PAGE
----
The Risk of Surrender: Sviatoslav Richter, Saint Peter, and Salvation

by The Rev’d Craig Lemming

“None of us knows what might happen even the next minute, yet still we go forward. Because we trust. Because we have Faith.” – Paulo Coelho, ‘Brida’

Pianist Sviatoslav Richter is one of my favorite enigmas. This past Saturday – the anniversary of his death – I watched, for maybe the twelfth time, Bruno Monsaingeon’s haunting documentary, ‘Richter: The Enigma.

There are two scenes in the film I find deeply moving. First, the jubilant footage of Richter’s Christmas party (at the 59:43 minute mark) accompanied by the rapturous opening of Bach’s Christmas Oratorio. We feel the warm affection of Slava joyfully hugging and kissing his friends as they arrive in his apartment. The candlelit Christmas tree, the gleeful opening of gifts, flowers exchanged, shoes, coats, handbags, hats, scarves, and gloves tossed off with the contented ease of homecoming, friends making music at his piano, laughter, jumping, dancing, and lots of champagne for everyone to enjoy. Then I try to imagine what Christmas might feel like at the end of this dystopian year, and fears, doubts, and sighs crowd in.

As I meditated on Saint Peter and the Christ walking on water, I remembered the following excerpts[1] from Sviatoslav Richter’s Notebooks and Conversations. He writes,

“I never choose a piano and don’t try them out before a concert. It’s useless and demoralizing. I place myself in the hands of the piano tuner. If I’m on form, I can adapt to no matter what instrument, whereas if I’m in doubt, I never succeed in doing so. You have to believe, more than Saint Peter, that you’ll walk on water. If you don’t believe it, you’ll go under, and straight away.”

Richter goes on to recount how he was due to give a recital at the Soviet Embassy in Paris when he received a phone call from the piano tuner warning him that the embassy’s Steinway was completely unplayable. Richter immediately canceled the concert. The ambassador, however, ignored his cancellation, and as the audience gathered, he phoned Sviatoslav Richter and begged him to play. Richter writes,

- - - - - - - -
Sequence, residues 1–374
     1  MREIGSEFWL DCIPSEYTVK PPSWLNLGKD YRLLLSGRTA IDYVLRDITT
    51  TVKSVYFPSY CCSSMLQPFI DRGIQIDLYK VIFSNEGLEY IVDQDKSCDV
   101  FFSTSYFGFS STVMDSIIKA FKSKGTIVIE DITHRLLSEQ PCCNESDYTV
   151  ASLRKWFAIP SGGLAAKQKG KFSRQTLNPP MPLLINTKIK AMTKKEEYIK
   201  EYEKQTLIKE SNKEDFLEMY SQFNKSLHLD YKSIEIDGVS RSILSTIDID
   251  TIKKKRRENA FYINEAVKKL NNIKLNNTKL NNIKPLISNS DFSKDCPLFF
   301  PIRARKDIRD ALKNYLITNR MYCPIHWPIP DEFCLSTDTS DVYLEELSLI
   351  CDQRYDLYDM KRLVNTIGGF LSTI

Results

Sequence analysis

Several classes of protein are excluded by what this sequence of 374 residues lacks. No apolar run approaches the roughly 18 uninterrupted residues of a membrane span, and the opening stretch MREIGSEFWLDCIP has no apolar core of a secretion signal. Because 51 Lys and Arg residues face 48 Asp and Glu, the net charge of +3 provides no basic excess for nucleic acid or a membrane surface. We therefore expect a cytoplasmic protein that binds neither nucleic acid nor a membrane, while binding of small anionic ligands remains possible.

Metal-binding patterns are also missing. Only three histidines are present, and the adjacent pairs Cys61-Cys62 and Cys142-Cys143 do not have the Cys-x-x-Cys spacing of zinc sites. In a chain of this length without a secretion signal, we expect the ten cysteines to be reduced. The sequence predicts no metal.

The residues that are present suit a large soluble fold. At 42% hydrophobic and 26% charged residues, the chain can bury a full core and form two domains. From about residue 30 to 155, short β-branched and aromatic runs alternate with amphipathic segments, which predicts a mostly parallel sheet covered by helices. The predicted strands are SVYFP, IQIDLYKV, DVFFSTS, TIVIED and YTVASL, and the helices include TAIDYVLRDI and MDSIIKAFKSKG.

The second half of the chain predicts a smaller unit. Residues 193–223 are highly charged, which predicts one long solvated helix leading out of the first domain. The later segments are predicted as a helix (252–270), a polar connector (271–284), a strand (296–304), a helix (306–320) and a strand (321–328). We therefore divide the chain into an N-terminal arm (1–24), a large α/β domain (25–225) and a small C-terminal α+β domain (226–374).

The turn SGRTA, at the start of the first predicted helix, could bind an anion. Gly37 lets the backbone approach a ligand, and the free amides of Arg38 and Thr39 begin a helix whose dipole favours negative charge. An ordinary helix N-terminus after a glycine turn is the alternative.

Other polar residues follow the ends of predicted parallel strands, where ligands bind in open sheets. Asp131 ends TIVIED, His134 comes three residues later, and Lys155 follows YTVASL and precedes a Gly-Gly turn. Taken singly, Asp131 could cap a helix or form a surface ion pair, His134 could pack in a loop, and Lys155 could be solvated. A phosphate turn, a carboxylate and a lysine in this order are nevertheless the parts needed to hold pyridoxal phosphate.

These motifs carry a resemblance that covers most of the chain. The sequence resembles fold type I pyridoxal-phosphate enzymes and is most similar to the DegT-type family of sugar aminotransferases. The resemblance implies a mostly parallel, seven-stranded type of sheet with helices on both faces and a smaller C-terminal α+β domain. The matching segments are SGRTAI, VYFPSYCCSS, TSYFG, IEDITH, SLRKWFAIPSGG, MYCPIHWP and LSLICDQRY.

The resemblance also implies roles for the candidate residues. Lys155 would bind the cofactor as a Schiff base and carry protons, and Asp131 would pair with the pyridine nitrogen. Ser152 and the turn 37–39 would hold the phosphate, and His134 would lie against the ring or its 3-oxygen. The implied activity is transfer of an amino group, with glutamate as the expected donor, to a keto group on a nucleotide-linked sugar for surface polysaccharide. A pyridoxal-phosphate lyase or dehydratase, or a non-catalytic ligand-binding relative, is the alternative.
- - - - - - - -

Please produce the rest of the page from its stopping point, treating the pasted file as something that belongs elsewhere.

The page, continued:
“His words moved me to pity and so I decided to go there in spite of everything, convinced the concert would be a disaster. I went out on the platform, thinking ‘To hell with the piano and the rest of them,’ and launched into Brahms’ Sonata in F minor. It was probably my best concert of the season.”

The following scene at the end of the documentary also brings me to tears. It captures what Bruno Monsaingeon describes as “a face of such overwhelming sadness but that was also often comical and, above all, infinitely expressive.” For me, Richter’s face is imbued with the tragic beauty of Saint Peter – the one who, despite all of his shortcomings, continually surrendered entirely to living with a faithful and fierce trust in God.  

In the same way I long to embrace Saint Peter as he weeps bitterly every Good Friday, when Richter admits, “I do not like myself,” I yearn to give Slava the same warm hug and kiss he gave each of his friends all those Christmases ago. Monsaingeon’s choice of Schubert’s Sonata in B flat major to bookend his film is inspired. In the words of Stephen Hough,

“[Schubert’s Sonata in B flat major] is one of those occasions when the pen has to be set down on the desk, the body rested against the back of a chair, and a listener’s whole being surrendered to enter another sphere. Here there is neither the superficial gloss of refinement nor the mawkish self-consciousness of profundity; rather Schubert’s miraculous ability to bare his soul without a trace of narcissism – a combined result of his humility and universality; and an exquisite unawareness of both.”[2]

This Sunday, before he reaches out his hand and catches Saint Peter, Jesus will say all of this to us again, but much more succinctly: “Jesus spoke to them and said, ‘Take heart, it is I; do not be afraid.’”


[1] Sviatoslav Richter, Notebooks and Conversations, ed. Bruno Monsaingeon (Princeton, N.J.: Princeton University Press, 2001), 108-10.

[2] Stephen Hough, Rough Ideas: Reflections On Music and More (New York: Farrar, Straus and Giroux, 2020), 210.

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